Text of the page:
I seem to have been a stranger in a strange land all my life. Pretty sure I was put here by accident, or some sort of cosmic mischief. Maybe I’m just an anachronism, and I belong in another century. I have tried to make the best of it, through high school, the Army … did my best with college until I totally lost interest and dropped out. There wasn’t a career path that seemed to fit my interests. I hated desk jobs, and had no patience with waiting tables or kitchen work. Catching chickens seemed like a dead end. Out of necessity, I became a carpenter. Somehow, I seemed to have an aptitude for that.

The economics of building always baffled me, though. It seemed that the only way to make a living was working for people who were far wealthier than me, and whose tastes ranged from frivolous to ostentatious, generally just more layers of material crap. Eventually, I realized that they were simply caught up in “positional wealth” … no matter how much they had, they were constantly comparing themselves to someone who had more, and feeling insecure.

What I wanted to do was build for my peers, the folks who inevitably turned the mill that ground the grain. Those were the people in need of decent housing, the so-called American Dream that appeared to be moving further and further out of reach. How to bring it back?

Inspired by some of the early books about timber framing, I wandered off to New England and found a beginning there. By the time I had wrapped my head around the mechanics of joinery, acquired a few chisels, and worked journeyman jobs in half-a-dozen states … I came to the belated realization that those people were on the same merry-go-round. They were merely serving a different class of wealth. Same game, different players.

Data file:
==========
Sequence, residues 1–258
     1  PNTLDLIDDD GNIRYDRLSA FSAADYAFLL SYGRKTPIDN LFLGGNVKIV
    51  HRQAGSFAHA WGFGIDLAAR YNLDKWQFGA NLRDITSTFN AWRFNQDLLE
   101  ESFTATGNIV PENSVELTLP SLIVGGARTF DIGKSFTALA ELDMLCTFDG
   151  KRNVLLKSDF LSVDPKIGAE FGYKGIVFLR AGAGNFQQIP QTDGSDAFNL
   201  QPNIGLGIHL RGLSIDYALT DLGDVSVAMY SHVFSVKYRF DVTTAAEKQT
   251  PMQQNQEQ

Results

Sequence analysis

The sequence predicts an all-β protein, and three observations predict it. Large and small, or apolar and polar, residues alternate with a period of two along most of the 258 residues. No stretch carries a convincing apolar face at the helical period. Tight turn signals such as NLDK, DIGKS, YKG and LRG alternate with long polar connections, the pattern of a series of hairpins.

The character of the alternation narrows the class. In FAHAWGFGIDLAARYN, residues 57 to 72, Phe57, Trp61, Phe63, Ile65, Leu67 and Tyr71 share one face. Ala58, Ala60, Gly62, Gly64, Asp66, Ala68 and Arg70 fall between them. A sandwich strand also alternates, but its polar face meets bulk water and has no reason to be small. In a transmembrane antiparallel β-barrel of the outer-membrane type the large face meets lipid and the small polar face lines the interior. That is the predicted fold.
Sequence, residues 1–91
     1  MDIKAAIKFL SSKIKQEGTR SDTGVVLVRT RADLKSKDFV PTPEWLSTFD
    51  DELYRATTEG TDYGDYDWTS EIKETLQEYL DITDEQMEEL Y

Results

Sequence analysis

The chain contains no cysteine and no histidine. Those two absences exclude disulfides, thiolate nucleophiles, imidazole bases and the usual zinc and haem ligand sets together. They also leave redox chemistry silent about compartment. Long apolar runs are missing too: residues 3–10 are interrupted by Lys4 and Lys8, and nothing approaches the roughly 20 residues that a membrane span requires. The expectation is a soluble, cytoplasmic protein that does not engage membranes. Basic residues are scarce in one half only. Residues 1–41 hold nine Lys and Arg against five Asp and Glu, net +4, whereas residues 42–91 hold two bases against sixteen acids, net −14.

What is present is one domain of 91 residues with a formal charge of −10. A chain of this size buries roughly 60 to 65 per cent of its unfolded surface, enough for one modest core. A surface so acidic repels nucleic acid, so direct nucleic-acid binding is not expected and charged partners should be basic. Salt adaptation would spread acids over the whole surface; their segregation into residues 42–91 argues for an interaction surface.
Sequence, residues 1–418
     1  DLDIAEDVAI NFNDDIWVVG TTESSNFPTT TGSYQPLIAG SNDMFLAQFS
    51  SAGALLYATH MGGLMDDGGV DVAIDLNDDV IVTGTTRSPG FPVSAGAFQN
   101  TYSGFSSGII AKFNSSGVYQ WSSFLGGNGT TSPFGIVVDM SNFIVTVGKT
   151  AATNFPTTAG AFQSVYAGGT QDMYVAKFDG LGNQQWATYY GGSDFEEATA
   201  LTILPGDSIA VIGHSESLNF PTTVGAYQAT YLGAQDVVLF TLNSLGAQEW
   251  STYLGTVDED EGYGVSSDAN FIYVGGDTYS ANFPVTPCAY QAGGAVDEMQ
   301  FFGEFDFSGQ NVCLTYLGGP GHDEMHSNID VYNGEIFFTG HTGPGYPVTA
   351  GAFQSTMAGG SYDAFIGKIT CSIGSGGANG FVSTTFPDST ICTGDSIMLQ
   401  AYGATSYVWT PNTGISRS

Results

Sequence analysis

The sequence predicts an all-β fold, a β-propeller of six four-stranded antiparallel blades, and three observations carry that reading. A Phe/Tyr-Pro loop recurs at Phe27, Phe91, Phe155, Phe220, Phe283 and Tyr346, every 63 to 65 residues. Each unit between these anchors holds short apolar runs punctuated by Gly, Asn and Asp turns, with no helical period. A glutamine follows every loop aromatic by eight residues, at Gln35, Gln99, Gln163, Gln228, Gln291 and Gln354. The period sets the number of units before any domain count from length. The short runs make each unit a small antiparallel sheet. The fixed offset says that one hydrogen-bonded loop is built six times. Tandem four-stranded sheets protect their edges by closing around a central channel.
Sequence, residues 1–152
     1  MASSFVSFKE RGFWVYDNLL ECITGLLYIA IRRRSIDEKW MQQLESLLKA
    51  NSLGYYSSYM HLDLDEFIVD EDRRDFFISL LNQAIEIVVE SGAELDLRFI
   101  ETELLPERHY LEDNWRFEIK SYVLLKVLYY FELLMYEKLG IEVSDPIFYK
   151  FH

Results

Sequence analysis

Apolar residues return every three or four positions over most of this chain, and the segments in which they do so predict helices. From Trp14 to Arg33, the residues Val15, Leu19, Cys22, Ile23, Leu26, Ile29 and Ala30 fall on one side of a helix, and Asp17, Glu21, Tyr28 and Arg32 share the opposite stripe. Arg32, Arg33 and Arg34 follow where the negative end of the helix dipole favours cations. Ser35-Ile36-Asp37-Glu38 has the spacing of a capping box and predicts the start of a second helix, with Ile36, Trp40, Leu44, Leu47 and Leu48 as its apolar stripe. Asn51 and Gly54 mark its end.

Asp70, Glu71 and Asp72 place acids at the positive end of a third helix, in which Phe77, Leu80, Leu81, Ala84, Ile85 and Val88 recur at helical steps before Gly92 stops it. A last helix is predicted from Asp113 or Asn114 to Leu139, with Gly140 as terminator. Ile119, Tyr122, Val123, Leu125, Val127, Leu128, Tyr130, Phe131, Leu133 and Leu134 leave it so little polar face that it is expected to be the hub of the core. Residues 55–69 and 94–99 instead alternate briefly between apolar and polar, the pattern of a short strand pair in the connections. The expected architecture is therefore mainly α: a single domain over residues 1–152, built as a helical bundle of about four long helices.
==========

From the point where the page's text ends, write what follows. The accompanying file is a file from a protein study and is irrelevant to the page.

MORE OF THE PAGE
There’s also a level of absolute fakery in the building market, in which anything and everything can be (and in fact is) built with 2x4’s, sheetrock, and dimensional lumber (or western red cedar … which is prohibitively expensive, environmentally disastrous, and has negligible structural values). Architects (with few exceptions) don’t know jack-shit about structure. Engineers are unimaginative dorks who love to add oversized steel beams, damn the cost. When in doubt, add side plates. Building codes generally reflect these values.

How do we get back to real building? To begin with, start small. Keep it small. Not tiny. Plenty of small houses have been built using timbers 6"x6" or even smaller. A lot of usable wood goes to waste, ask any arborist, or find a local sawmill. Buy some tools. It doesn’t take a lot of tools to cut joinery. A good chisel or two, a sharp handsaw, an old T-augur with a good cutting edge … start there. Find your way, feel your way. You will make mistakes … learn from them. I can’t tell you what will work for you; I only know what has worked for me. When you find real, you will know.




Carpenter: woodcarver with a bent for typography, music, poetry, good design & living well in peace and harmony. Un-apologetically Southern; literate…

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michael langford

michael langford

Carpenter: woodcarver with a bent for typography, music, poetry, good design & living well in peace and harmony. Un-apologetically Southern; literate…

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